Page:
Breath Therapeutics' inhalation drug aims to be the first-in-class therapy for Bronchiolitis Obliterans Syndrome approved by the FDA

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Zambon, an Italian multinational company, extends its presence in severe respiratory diseases through the acquisition of Breath Therapeutics (Credit: Pixabay)

Italian pharmaceutical company Zambon has acquired Breath Therapeutics, a biopharmaceutical firm which develops innovative inhalation therapy, in a deal worth $156m.

The agreement will improve both companies’ ability to better serve patients with severe respiratory diseases and healthcare professionals, as well as accelerate the commercialisation capabilities of the treatment.

Based in Germany and the US, Breath Therapeutics develops inhalation therapies for the treatment of Bronchiolitis Obliterans Syndrome (BOS) – a severe progressive lung disease.

Zambon CEO Roberto Tascione said: “This important deal, the largest in our history, reinforces Zambon’s commitment to serve severe respiratory diseases, enhances and broadens our offering to the healthcare system, and complements our late-stage pipeline.

“Bronchiolitis Obliterans Syndrome is an incredibly debilitating condition.

“Through the combination of our geographic footprint, research and development infrastructure and relationships with scientific communities, we are well-positioned to accelerate the development of an important new potential treatment.

“We also have the expertise in respiratory and the commercial capabilities to bring the product to patients and doctors as soon as possible.”

 

Breath Therapeutics targets 2023 commercialisation for inhalation therapy

Breath Therapeutics’ drug candidate, Liposomal Cyclosporine A for Inhalation (L-CsA-i), received orphan drug designation – special status given to a drug developed to treat a rare disease or condition upon request of a sponsor.

BOS, also known as popcorn lung, is caused by inflammation triggered by the immune system that irreversibly destroys the airways of the lungs, which usually leads to respiratory failure and death within one to two years after diagnosis.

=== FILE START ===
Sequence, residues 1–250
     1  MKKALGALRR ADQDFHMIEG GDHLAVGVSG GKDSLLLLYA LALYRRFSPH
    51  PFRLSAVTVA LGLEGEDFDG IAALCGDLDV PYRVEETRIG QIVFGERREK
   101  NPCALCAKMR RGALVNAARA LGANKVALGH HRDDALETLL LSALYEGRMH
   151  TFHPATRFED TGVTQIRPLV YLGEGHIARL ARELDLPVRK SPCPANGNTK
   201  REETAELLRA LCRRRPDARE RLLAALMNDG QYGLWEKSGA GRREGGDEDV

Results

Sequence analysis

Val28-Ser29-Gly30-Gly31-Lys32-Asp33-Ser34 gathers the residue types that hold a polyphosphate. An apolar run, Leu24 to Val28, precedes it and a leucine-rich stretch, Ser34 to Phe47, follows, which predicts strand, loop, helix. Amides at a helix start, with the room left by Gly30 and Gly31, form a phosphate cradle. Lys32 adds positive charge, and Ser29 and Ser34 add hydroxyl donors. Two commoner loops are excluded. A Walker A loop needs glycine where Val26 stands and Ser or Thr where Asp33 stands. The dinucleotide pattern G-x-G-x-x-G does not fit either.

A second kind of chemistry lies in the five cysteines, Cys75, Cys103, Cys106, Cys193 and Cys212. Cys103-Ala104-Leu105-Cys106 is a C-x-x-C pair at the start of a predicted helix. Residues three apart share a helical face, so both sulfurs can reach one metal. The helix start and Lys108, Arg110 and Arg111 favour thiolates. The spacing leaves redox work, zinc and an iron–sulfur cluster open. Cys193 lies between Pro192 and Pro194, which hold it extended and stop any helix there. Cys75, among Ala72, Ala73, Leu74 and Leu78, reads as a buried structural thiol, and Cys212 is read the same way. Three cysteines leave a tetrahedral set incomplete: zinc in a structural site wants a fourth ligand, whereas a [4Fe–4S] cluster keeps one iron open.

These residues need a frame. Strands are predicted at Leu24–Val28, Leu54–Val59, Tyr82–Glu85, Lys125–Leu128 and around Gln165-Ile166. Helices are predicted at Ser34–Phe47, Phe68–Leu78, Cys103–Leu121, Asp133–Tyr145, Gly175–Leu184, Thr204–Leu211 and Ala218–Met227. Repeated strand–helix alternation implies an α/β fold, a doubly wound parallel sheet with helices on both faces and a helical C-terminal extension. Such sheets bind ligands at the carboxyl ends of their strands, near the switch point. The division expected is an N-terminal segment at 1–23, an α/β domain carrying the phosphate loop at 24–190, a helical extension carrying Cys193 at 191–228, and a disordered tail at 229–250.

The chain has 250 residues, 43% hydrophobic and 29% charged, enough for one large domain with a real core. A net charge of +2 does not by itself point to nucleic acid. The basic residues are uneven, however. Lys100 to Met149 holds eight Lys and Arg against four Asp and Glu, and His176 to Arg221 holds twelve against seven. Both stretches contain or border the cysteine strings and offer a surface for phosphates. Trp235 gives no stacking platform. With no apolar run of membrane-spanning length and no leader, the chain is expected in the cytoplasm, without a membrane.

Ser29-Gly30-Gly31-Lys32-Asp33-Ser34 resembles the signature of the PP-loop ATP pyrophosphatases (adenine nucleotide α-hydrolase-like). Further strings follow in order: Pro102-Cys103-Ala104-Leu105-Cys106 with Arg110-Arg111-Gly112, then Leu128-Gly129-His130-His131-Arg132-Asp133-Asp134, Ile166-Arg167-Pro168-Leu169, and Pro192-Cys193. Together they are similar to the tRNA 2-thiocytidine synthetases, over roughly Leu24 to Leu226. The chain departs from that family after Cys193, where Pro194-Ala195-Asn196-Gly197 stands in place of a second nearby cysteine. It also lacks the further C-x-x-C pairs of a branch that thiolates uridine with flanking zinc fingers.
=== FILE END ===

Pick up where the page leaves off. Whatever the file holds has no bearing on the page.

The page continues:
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High resolution CT scan showing Bronchiolitis Obliterans (Credit: Wikipedia)

It most commonly affects people who have received lung or stem cell transplantation, although it is also associated with autoimmune diseases and exposure to environmental contaminants.

L-CsA-i has also received European Medicines Agency (EMA) support, which reflects the unmet demand to address this disease and led to the launch of its global phase III trials earlier this year to evaluate its effectiveness in individuals with BOS.

Zambon will use the data collected from these trials once they conclude in 2021, and is confident that the drug will be ready for commercialisation by 2023, subject to US Food and Drug Administration (FDA) and EMA regulatory approvals.

Breath Therapeutics CEO Jens Stegemann said: “We have established L-CsA-i as a promising therapy for the treatment of BOS, with the potential to impact patient lives.

“In Zambon, an ethical company with a strong heritage of innovation and a genuine commitment to a patient-orientated approach, we have a partner which shares our vision and significantly strengthens our position through its infrastructure, expertise and commitment to R&D.

“Together with the leading international lung transplantation centres participating in our Boston pivotal studies, we are now in an excellent position to achieve advances in the treatment of BOS.”